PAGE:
[1] As at 31 March 2016. Fund returns are calculated using the Platinum Japan Fund’s unit price and represent the combined income and capital return since inception on 30 June 1998. Fund returns are net of fees and costs (excluding the buy-sell spread and any investment performance fee payable), are pre-tax, and assume the reinvestment of distributions. The investment returns shown are historical and no warranty can be given for future performance. Past performance is not a reliable indicator of future performance.

[2] Defined by us to include stocks with a P/E ratio of less than 22X forward earnings and trailing growth for the last five years in sales per share of 8% or more. Key holdings in the Platinum International Fund (as at 9 May 2016) that meet these criteria include Alphabet (formerly known as Google), China Mobile, Gilead Sciences (American biopharmaceutical company), Kweichow Moutai (Chinese premium liquor producer) and ICICI Bank.

[3] Based on Credit Suisse HOLT’s analysis, stocks in the top quintile of the global universe (for simplicity, not adjusted for sectors) have a dividend yield of greater than 3.75%. Key holdings in the Platinum International Fund (as at 9 May 2016) that meet this benchmark include AstraZeneca (UK-based pharmaceutical and biologics company), Groupe Casino (French mass retailer with supermarket chains around the world), Eni (Italian multinational oil and gas company), Intesa Sanpaolo (Italian banking group) and Ericsson.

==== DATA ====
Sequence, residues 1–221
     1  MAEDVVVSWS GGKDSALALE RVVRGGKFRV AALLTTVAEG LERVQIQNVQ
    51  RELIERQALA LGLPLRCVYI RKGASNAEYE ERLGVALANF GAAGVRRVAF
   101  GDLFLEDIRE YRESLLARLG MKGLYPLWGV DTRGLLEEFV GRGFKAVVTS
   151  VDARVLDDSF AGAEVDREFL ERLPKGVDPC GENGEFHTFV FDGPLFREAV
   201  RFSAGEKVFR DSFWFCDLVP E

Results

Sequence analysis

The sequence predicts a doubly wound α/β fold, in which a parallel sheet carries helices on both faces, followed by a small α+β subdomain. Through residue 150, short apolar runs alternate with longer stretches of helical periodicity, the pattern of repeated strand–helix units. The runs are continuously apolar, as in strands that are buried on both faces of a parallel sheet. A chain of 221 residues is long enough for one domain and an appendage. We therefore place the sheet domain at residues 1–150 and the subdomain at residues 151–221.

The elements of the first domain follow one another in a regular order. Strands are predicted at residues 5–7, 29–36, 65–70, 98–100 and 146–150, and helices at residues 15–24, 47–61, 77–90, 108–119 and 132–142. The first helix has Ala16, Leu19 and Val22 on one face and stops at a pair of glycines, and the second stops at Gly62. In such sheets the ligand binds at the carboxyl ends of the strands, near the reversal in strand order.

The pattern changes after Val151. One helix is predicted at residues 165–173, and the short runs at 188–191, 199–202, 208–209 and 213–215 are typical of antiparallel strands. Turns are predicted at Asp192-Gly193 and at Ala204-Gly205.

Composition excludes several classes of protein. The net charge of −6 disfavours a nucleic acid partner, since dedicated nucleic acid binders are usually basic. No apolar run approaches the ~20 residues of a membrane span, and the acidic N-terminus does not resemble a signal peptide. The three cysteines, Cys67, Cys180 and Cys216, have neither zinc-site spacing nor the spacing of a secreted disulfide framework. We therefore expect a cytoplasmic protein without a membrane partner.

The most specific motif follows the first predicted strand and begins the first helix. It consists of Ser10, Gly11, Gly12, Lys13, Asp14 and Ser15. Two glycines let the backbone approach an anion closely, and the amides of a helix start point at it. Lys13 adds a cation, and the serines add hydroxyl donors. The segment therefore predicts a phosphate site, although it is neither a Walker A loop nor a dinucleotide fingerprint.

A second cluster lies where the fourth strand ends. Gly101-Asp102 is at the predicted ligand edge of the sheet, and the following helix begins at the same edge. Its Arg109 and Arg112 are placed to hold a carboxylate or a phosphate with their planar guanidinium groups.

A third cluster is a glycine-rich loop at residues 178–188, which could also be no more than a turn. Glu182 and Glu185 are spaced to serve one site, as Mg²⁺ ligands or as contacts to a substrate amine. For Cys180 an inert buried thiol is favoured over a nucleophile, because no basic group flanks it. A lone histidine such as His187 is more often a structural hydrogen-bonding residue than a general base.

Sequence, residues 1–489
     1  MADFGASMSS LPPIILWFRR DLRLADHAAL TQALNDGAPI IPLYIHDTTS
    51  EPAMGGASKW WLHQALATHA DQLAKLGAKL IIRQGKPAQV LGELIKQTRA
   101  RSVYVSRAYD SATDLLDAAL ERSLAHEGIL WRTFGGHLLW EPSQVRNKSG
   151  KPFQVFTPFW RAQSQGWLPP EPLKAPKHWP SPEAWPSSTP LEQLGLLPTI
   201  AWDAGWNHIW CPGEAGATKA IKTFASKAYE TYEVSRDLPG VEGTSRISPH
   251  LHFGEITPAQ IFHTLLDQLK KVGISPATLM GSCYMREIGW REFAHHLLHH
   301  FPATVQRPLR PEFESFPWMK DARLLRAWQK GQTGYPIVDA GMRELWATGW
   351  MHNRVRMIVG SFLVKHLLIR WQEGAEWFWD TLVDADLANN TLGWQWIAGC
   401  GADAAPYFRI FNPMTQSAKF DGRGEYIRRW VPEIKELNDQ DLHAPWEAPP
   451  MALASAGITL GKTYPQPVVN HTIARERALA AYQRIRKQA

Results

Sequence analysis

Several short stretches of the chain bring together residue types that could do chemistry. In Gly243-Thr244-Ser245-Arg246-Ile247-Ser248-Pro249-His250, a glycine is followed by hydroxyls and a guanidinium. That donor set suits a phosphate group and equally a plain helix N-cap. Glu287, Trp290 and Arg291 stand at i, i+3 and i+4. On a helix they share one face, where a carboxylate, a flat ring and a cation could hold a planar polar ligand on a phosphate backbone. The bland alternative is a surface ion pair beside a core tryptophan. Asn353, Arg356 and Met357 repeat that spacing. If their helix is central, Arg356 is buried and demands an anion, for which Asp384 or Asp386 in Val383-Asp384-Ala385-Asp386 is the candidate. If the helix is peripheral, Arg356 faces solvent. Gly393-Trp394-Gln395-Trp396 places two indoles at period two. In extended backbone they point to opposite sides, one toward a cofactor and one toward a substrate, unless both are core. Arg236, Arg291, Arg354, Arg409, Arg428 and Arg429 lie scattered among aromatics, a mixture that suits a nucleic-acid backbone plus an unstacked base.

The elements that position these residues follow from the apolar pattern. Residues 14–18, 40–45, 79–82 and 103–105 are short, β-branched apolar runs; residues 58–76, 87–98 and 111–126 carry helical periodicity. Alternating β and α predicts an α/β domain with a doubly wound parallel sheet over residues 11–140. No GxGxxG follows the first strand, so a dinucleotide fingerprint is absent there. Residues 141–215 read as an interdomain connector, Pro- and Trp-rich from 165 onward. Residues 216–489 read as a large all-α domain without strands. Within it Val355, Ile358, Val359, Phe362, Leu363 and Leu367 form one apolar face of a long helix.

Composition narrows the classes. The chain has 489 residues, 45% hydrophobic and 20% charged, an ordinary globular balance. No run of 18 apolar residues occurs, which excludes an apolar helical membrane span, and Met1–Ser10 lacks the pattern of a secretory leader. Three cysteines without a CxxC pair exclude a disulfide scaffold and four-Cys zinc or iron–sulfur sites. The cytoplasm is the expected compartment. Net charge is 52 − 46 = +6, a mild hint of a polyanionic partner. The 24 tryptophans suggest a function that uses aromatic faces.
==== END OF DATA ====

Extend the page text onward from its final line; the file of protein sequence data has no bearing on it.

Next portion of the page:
[4] Stocks in the bottom quintile of the global universe (not sector-adjusted) in Credit Suisse HOLT’s analysis have a P/B ratio of less than 1.0. Holdings in the Platinum International Fund’s portfolio (as at 9 May 2016) that meet this criterion include Lixil (Japanese manufacturer of building materials and housing equipment), Inpex (Japanese oil company), Toyota Industries, Sina (Chinese online media group) and Sberbank (Russian banking and financial services company).

[5] The following holdings in the Platinum International Fund’s portfolio (as at 9 May 2016) have these attractive traits: Carnival Cruise Line, Cisco (American technology giant), Daiichi Sankyo (Japanese pharmaceutical company), GAIL (Indian gas company), Genting (Malaysian conglomerate), KB Financial (Korean financial services company), Lloyds Bank, Newcrest Mining and Samsung Electronics. 

DISCLAIMER: The above information is commentary only (i.e. our general thoughts).  It is not intended to be, nor should it be construed as, investment advice.  To the extent permitted by law, no liability is accepted for any loss or damage as a result of any reliance on this information.  Before making any investment decision you need to consider (with your financial adviser) your particular investment needs, objectives and circumstances.